GBV under spotlight as outgoing minister encourages men to stand up

GBV under spotlight as outgoing minister encourages men to stand up

GBV under spotlight as outgoing minister encourages men to stand up

Published Mar 13, 2024


The Department of Women, Youth and Persons with Disabilities (DWYPD), through its Minister Dr Nkosazana Dlamini-Zuma, has reiterated its call for all South African men to stand and fight the scourge of rape and gender-based violence (GBV) by taking part in the 365 Days of no Violence against Women and Children campaign.

“It is critical that as a country and society, we encourage men to take action in denouncing the continuation of the trend of rape and violence against women and children, while equally addressing the underlying causes of violent masculinity and physical abuse against women and children,” the minister said.

The words of the outgoing minister were made a reality this past weekend by a group of musicians and other stakeholders who gathered at the Kwa-Thema Society for the Care of the Aged, in Ekurhuleni, for their own contribution to the scourge of GBV.

This gender-based violence and femicide (GBVF) fight formed part of a collaboration between the Department of Justice and Constitutional Development, the Department of Sport, Arts and Culture and the Music Performers Association of South Africa (MPASA) as they joined hands to respond to the scourge under the dialogue titled, “Awuyeke!”.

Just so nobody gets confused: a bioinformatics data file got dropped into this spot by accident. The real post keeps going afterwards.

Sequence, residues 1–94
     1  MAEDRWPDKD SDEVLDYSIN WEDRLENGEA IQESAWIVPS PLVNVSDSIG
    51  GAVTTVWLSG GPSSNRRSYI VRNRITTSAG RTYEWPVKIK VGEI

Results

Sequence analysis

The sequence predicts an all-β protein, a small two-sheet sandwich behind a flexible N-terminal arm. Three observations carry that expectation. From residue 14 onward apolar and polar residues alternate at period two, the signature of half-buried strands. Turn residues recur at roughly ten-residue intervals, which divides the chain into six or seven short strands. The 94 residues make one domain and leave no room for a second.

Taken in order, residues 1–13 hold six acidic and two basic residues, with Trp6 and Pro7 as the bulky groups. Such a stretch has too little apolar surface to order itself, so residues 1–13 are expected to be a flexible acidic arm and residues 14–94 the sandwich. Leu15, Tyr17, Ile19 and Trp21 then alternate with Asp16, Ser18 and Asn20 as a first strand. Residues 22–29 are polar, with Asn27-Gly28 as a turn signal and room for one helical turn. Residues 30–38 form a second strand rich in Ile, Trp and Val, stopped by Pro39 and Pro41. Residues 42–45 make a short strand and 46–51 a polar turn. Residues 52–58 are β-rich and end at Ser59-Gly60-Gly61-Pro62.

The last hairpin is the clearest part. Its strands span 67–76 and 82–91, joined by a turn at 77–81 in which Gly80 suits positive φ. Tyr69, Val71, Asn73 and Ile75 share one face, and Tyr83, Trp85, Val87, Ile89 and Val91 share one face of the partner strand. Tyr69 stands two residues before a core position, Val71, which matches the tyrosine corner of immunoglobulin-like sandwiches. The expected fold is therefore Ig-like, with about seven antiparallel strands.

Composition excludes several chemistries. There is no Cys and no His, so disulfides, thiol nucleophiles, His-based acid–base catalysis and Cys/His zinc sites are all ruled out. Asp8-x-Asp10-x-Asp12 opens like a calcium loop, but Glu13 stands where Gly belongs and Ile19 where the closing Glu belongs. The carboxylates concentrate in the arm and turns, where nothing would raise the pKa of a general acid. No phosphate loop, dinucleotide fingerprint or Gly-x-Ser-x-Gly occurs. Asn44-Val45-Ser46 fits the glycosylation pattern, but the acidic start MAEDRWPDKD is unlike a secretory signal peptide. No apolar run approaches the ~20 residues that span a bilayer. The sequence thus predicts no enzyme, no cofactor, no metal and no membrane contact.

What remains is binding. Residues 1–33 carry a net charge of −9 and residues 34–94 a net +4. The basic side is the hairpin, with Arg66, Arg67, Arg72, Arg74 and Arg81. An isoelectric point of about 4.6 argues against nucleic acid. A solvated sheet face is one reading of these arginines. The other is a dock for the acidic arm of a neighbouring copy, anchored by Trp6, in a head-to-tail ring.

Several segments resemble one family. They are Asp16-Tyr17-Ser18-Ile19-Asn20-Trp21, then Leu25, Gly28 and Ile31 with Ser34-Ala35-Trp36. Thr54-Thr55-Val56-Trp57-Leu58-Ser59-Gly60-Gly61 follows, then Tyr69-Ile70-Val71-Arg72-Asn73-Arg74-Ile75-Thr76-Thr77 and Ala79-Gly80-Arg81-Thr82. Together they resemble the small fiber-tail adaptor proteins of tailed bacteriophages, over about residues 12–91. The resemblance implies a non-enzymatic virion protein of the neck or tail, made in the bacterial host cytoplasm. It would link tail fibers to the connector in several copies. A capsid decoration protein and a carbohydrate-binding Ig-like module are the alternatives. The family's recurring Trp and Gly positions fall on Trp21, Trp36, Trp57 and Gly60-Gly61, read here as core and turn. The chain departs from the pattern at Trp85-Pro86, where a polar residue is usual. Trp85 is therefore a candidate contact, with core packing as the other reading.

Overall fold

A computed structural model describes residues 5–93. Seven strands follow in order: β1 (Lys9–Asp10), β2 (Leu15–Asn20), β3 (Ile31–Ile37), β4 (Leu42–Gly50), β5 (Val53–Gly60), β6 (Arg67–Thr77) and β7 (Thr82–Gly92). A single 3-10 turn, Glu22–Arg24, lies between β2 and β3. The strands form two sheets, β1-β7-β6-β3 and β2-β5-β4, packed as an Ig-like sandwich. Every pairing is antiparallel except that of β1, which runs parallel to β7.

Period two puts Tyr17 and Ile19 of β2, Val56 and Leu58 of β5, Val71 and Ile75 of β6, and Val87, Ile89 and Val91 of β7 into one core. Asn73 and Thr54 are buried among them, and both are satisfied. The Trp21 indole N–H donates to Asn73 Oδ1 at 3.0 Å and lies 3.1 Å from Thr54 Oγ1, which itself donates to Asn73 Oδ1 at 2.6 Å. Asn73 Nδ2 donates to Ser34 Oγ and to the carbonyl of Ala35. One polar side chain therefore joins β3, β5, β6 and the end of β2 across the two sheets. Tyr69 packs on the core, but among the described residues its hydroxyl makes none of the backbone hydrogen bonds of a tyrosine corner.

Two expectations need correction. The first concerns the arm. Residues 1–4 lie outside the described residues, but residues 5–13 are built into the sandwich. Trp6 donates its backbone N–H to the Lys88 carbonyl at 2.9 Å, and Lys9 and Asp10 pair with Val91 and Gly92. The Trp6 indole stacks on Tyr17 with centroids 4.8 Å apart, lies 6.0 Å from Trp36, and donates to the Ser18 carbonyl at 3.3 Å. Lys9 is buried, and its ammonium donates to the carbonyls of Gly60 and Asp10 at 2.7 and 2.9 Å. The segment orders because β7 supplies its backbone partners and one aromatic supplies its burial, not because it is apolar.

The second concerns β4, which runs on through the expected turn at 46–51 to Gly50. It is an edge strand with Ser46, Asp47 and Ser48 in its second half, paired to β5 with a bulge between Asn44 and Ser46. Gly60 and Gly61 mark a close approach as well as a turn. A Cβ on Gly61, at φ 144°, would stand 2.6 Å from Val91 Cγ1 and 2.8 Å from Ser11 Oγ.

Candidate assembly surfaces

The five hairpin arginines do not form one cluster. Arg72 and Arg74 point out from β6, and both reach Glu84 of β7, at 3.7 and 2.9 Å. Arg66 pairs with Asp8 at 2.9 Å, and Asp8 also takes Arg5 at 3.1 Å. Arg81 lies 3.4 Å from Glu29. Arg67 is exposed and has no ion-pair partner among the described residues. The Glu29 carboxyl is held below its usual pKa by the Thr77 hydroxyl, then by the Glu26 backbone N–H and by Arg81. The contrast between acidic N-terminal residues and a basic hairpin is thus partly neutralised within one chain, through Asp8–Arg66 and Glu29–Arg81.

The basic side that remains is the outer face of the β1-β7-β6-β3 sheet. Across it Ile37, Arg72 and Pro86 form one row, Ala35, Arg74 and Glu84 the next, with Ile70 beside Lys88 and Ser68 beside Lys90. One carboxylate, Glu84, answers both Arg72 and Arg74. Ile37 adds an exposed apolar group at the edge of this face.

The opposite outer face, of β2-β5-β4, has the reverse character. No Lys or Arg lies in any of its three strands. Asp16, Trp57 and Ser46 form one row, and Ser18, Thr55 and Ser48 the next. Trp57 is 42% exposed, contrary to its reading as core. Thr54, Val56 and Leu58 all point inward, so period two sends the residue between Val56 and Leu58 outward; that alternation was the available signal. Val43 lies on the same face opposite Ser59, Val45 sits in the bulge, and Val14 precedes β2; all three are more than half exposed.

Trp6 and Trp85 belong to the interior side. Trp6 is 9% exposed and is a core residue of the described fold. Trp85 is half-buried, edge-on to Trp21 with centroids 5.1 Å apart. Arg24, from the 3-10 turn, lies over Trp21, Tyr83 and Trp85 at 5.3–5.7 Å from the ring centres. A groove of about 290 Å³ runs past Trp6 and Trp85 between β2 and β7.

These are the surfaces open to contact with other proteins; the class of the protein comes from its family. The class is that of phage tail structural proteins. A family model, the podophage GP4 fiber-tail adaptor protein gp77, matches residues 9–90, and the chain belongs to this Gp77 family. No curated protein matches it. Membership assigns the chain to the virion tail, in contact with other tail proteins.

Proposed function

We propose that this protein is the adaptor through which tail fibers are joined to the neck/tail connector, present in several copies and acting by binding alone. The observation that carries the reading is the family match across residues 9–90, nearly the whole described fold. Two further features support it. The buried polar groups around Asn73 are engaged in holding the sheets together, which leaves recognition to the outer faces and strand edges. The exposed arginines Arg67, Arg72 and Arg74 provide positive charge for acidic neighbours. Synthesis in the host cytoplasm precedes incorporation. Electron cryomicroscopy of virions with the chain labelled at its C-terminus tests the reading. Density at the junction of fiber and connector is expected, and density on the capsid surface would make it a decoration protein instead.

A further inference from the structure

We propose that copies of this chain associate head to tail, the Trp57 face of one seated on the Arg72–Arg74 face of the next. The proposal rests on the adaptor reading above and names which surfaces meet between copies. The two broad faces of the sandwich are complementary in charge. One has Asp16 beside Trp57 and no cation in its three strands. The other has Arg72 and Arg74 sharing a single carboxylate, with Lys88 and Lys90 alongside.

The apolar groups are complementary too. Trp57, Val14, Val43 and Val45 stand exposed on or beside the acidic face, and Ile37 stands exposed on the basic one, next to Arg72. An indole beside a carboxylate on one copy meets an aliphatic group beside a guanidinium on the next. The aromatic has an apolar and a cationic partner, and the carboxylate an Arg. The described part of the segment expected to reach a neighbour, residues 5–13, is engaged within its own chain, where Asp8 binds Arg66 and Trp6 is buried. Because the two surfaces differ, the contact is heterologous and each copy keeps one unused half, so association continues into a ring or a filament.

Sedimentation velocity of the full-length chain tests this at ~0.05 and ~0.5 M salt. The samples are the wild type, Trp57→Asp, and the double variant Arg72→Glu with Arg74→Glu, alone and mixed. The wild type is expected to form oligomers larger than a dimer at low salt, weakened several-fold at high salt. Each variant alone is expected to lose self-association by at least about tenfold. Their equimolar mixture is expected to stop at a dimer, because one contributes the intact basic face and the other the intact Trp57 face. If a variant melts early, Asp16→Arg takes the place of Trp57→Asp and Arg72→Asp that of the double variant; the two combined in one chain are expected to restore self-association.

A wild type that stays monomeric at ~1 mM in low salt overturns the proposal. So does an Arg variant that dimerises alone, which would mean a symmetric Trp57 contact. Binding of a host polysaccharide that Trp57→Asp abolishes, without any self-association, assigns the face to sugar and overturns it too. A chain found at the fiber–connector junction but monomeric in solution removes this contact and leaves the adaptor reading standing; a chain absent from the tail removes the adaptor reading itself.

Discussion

This impactful GBVF dialogue, which coincided with the International Women’s Day commemoration, was attended by more than 300 community members, including older persons, youth and stakeholders.

Legend Blondie Makhene, kwaito musician Joe Nina, Stephen Tsie and Babsy Mlangeni entertained and spoke to some of the victims of GBV.

A renowned entertainer, Mlangeni shared his moving story in a jam-packed hall.

Addressing them about GBVF and his poignant tail, the 81-year-old said that he has been blind since the age of three.

“Many people are whining about load shedding; I have experienced it since I was toddler,” he shared.

He added that he was bullied by his peers who called him derogatory names, but every time he retaliated, he was beaten.

“I suffered GBV from a young age, but I thank God my parents never kept me away from the community, they gave me unconditional love. It wasn’t my mother’s dream to give birth to a blind child.”

He clarified that the thing that most disturbed him was that women with disabilities still struggle to file charges of sexual offences since the police frequently ask, “How do you know so and so raped you because you can’t see?”

He claimed that despite the victims’ explanations that they can recognise their attackers by voice, police reject them out of disbelief. “We are human beings just like you; the only thing that separates us is that we have disabilities,“ he said.

Tsietsi Malema, the provincial head of the Department of Justice and Constitutional Development (DoJ&CD) Gauteng office, inaugurated the dialogue, encouraging attendees to actively participate and engage throughout the day.

With a focus on GBV services, the DoJ&CD provided a comprehensive overview of its initiatives. Malema encouraged young people not to abuse their grandparents financially, mentally and emotionally.

“We have heard many stories where young people went as far as killing their grandparents. If you are a neighbour and witness GBVF, go report it,” Malema said, adding that men should be also responsible fathers and pay maintenance for their children.

The Star